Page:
By Marc Pruitt
The smile on Daivien Williamson’s face may fool you.
It would be wise not to be taken in by it. Not on the basketball court, at least.
That’s the first mistake opposing players might make when they step on the floor against the senior at Winston-Salem Prep.
There’s a fierce competitor behind the grin; a player who believes that he has still managed to fly under the radar despite a four-year career that has proven to be prolific enough to land him a scholarship to East Tennessee State University.
In a recent Twitter post, Williamson wrote “Best kept secret, but I like it that way.”
“I like that I’ve kind of been under the radar since I got serious about basketball,” Williamson said. “It keeps me focused on continuing to grind and improve every day.”
A four-year starter for the Phoenix, Williamson surpassed the 1,000-point career scoring mark last season in the NCHSAA 1-A playoffs during the third round. His production hasn’t slowed down this season, as he currently leads the Phoenix by averaging 21.5 points per game.
“He’s been a special player for us since he stepped on the floor as a freshman,” Coach Andre Gould said. “Most importantly, he’s a great kid. That’s first and foremost. When you get that kind of kid that is as talented as he is, that makes it easy to coach. He has never, not once in four years, questioned anything I’ve asked him to do. He always responds with a ‘yes sir’. He has always bought in to what we’re doing here. He’s been an absolute joy to have in our program and is a great representative of this school and this city.”
Williamson said he started to get serious about basketball in seventh grade. He joined Team Winston to play AAU during the summer months beginning in eighth grade, which is where he noticed things starting to take off.
“Playing AAU was a huge part of my growth,” Williamson said. “I also started working out with a trainer, Kenneth Bates with LAAB Work. That first summer playing 14 and under AAU was when my confidence really started to grow. I feel like every part of my game started to get better.”
Mike Russell coached Williamson for four seasons of AAU (14, 15, 16 and 17 & under) and was taken with Williamson from the beginning.
“He’s got this spirit about him that impossible to break,” Russell said. “There’s always a smile on his face. The energy he has is so pure. He was always the happiest kid to be at practice. Be it during practice or when we played a game, being in a gym is his happy place. Next to his mom, it’s his No. 1 love.”
Between high school and AAU ball, Williamson’s development over the last four years has continued to flourish.
“I’ve always challenged him to compete on both ends of the floor,” Gould said. “I think the biggest area he has improved since his freshman year has been his defense. He recognized that his defense needed to get better. Offense has always come pretty easy for him. But I challenged him to become a complete player, mentally and physically. And that’s where he has made the most strides. And that only makes our team that much better. He came in here four years ago as a little chihuahua. Now, he’s a pit bull.”
Williamson glides down the floor and is just as comfortable moving without the ball in his hands as he is at finding the open man. His jump shot is smooth and pure. He can beat you off the dribble and finish in traffic.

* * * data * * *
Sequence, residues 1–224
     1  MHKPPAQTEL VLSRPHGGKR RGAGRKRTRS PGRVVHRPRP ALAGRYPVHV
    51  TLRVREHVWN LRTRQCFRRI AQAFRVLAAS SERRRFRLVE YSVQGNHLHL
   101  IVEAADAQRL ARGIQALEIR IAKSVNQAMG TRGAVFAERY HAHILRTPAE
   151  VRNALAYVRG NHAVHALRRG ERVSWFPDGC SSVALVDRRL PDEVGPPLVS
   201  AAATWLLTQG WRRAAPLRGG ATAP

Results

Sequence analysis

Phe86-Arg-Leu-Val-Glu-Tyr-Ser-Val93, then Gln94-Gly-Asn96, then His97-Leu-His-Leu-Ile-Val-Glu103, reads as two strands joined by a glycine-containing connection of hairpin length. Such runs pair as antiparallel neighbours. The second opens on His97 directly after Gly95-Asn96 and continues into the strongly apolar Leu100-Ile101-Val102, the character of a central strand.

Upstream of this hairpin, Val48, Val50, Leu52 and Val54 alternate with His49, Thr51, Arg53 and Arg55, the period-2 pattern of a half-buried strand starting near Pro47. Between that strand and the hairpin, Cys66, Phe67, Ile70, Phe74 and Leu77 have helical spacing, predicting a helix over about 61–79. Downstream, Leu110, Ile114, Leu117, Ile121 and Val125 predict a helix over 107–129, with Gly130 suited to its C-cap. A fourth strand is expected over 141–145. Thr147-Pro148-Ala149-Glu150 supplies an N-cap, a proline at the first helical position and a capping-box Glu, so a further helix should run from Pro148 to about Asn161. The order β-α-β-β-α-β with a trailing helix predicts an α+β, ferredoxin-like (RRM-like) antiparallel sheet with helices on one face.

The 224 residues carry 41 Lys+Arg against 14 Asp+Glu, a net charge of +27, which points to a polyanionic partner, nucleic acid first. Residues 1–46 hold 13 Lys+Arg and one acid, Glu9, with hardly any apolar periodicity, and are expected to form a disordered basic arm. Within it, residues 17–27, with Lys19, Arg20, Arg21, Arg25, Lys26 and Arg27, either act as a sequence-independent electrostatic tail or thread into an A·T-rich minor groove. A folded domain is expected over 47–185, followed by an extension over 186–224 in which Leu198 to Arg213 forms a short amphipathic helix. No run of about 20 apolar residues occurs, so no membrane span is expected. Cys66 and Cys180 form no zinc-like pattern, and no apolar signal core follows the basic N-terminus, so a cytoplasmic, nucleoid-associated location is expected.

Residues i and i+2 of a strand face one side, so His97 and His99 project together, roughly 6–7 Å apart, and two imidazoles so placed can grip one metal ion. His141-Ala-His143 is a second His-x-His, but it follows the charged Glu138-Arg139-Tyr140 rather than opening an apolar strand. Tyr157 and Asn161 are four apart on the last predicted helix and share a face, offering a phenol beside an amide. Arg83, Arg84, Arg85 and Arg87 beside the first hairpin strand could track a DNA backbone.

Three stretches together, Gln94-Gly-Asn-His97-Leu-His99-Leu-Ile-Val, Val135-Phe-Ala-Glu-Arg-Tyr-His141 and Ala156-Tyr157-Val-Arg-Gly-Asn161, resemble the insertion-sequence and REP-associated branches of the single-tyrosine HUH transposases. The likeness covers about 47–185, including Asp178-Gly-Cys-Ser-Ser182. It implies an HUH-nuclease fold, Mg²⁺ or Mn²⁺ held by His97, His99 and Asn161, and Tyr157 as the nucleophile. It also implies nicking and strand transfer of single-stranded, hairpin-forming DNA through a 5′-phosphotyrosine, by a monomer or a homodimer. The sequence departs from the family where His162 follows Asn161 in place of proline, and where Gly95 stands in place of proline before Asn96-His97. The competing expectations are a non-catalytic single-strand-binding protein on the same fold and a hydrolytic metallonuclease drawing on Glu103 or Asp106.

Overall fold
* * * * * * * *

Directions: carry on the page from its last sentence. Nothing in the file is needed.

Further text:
“You have to be sure to know where he is on the floor,” Gould said. “He can beat you in a lot of different ways. He’s a tough match-up for defenders because of his ability, and that doesn’t just mean he can score. His decision-making when he has the ball can also lead to a lot of points for us because we’ve got lots of pieces that can also hurt people. He knows where the ball needs to go.”
Williamson smiled while discussing how his team came up short in the NCHSAA 1-A state championship games during his freshman and sophomore years. The smile grew wider when he talked about losing to Lincoln Charter in the Western Regional championship last season. Why the smile?
“Motivation,” he said.
The Prep players have a photo of Lincoln Charter celebrating its win last season on the home screens of their phones to serve as a reminder of the ultimate goal for this season.
“It’s a photo of them smiling and celebrating after beating us,” Williamson said. “We thought last year was going to be our year after being so close the two years before. We aren’t taking anything for granted this year. Our goal since that game was to win the state championship and we’ve been doing the work to make that happen. We just need to keep our heads the rest of the way.”
Williamson said he picked East Tennessee State over James Madison, Drexel, and Wofford because of its style of play and comfort level.
“They like to get up and down, kind of like what we do here,” Williamson said. “They also have my major, sports management. I loved my visit and It felt like the best situation for me.”
Russell knows that the transition for Williamson will be as smooth as his jump shot.
“He is leaps and bounds better now than when I first coached him four years ago,” Russell said. “The only adjustment he’ll need to focus on when he gets to college is the speed of the game. And I know he’ll put in the work with a smile on his face.”
The smiles were abundant the day Williamson signed his National Letter of Intent. The widest smile may have belonged to Williamson’s mother, Laquita.
“That was definitely my proudest moment, not only for me, but for my mother,” Williamson said. “It’s so gratifying to me to know that she won’t have to pay for my college. And seeing how big she was smiling that day made me happy too.”
That’s a smile that won’t fool you.